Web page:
Summer is over, do you really need to keep up your sunscreen regimen? The short answer is: yes. Not only does applying sunscreen help you avoid skin cancer in any season, but there are other benefits to shielding your body’s largest organ from the full effects of the sun (even in winter!).
No matter how good it feels to soak up some vitamin D, the sun also does some real damage to your skin. It causes wrinkles, burns, discoloration, and could even lead to melanoma. That’s why you must stick to a sunscreen regimen to protect yourself from both signs of aging and serious medical conditions.
Here are 7 reasons why sunscreen is good for all skin types, and why you should always wear it.
1. UV rays can penetrate clouds
Unless you are completely in the shade, UV rays pose a risk. Yep, the sun can even cause a burn or other sun damage on a cloudy day.
And please don’t use temperature as an indicator of whether you need sunscreen. We all remember to throw on SPF when it’s 80 degrees and we’re headed to the beach — and often forget when the temperatures drop. You need sunscreen whenever you’re outdoors just to be safe.
2. UVB rays cause wrinkles and skin damage
UVB rays are shorter than UVA rays, and they are the most responsible for sunburns. UVB rays are also one of the main culprits for wrinkles, loss of collagen, and other skin aging issues.
Keep your skin looking taut and youthful by staying protected from UVB rays. Since you’re likely in the sun most days of the year, it’s wise to protect your skin daily with a sunscreen-based make-up foundation or other lotion.
3. UVA rays can burn you through windows
UVA rays also cause their own damage. These rays penetrate the skin more deeply than UVB rays and also contribute to skin aging and skin cancer. What’s more, there are about 500 times more UVA rays in sunlight than UVB rays.
Oh, and UVA rays can also penetrate through windows. If you spend a lot of time in a car or sitting next to a picture window at work, then sunscreen is a must. Your windows will protect you from UVB rays, but not UVA rays.
4. Sun damage is cumulative — and never takes a break
Sunlight does cumulative damage to your skin over the course of your life. And about 23% of lifetime exposure happens by age 18. Wearing sunscreen every day is the most effective way to reduce the effects the sun has on your skin for the long haul. You can’t reverse all the damage you’ve already done, but you can reduce sunburns and wrinkles in the future by being diligent about SPF.
5. Skin cancer affects 1 in 5 Americans
A whopping 20% of Americans will have skin cancer by the age of 70. When you leave your skin vulnerable to burns and prolonged sun exposure, you’re more likely to be among them. And contrary to popular belief, getting a “base tan” at the start of summer does not help you prevent severe burns or melanoma. On the contrary, being protected by sunscreen every day helps you avoid all three major types of skin cancer: squamous cell carcinoma, basal cell carcinoma, and melanoma. Be honest — do you forgo it when you go for a quick jog? Time to usher in some new habits.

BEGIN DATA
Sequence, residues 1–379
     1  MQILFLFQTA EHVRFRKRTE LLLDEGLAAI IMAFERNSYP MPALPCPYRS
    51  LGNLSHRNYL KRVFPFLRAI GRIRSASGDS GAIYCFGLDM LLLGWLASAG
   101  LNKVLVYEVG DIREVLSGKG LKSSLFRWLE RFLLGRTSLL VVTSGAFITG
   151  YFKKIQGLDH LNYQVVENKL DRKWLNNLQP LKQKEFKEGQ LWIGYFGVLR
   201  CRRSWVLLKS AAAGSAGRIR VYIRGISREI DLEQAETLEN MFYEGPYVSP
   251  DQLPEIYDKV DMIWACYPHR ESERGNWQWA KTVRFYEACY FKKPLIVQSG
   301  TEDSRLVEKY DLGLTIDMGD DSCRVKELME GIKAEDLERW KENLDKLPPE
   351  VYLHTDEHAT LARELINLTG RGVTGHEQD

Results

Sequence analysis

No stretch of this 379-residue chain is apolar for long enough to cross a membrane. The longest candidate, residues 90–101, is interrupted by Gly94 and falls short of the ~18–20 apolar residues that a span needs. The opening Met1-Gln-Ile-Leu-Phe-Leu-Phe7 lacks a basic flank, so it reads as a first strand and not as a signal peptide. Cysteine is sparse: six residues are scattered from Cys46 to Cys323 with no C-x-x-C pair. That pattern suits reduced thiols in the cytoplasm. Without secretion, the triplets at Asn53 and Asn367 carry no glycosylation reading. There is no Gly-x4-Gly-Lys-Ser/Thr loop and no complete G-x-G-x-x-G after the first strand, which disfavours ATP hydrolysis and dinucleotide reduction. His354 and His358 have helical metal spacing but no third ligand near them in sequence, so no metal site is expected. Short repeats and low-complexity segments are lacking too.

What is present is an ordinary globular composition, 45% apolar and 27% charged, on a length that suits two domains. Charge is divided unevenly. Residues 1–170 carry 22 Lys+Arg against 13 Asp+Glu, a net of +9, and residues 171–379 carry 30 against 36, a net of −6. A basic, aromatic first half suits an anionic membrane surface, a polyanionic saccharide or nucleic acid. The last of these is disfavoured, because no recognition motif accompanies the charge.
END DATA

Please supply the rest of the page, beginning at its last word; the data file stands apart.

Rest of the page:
6. Sunburns increase your chances of cancer even more
If you’re not careful, you could increase your chances of developing cancer with just a handful of major sunburns. Women who get just five blistering sunburns between the ages of 15 and 20 are 80% more likely to get melanoma than women who have not experienced extreme burns.
This fact makes daily sunscreen extremely important for young people — but also a vital daily routine at any age. Just a few serious burns can make all the difference in the world for the health of your skin.
7. Sunscreen can hydrate your skin
When people ask “Is sunscreen good for skin?,” they may be concerned about certain chemicals. The good news is that there is no evidence that the most common sunscreen ingredients — including oxybenzone — are bad for humans. And, on the contrary, the right sunscreen can also help hydrate your skin. Choose a sunscreen with shea butter or oils like avocado oil to allow your daily sunscreen to keep your skin from drying out during the day.
How to use sunscreen
Sunscreen is a great skin protector and, when combined with one of the best clearing skin treatments, can become an anti-aging cure. But only if you use it correctly. You might be surprised how many sunscreen myths are out there! Don’t worry, we’re here to be your friendly myth busters.
Here are some quick tips for proper sunscreen usage.
- Use a sunscreen with at least SPF 30 when you’re outdoors, which will protect against 97% of UVB rays
- Use enough sunscreen to fill a shot glass when you need to cover your entire body, like when you go to the beach or spend a day at the pool
- Reapply your sunscreen every two hours, or immediately after swimming or profusely sweating
- Don’t forget to cover your ears, the top of your feet, and other easy-to-forget patches of skin when you’re applying sunscreen
- Add a hat to your sunscreen routine, especially if you have thinning hair, because 10% of melanomas occur on the scalp
Sunscreen can prevent cancer, wrinkles, and other signs of aging. It protects against both UVA and UVB rays, the former of which penetrates the deeper layers of the skin. How much sunscreen do you need? Stick with at least SPF 30 and use enough sunscreen to fill a shot glass to cover your body. And, remember that sunlight can penetrate windows and clouds. This makes everyday sunscreen use essential.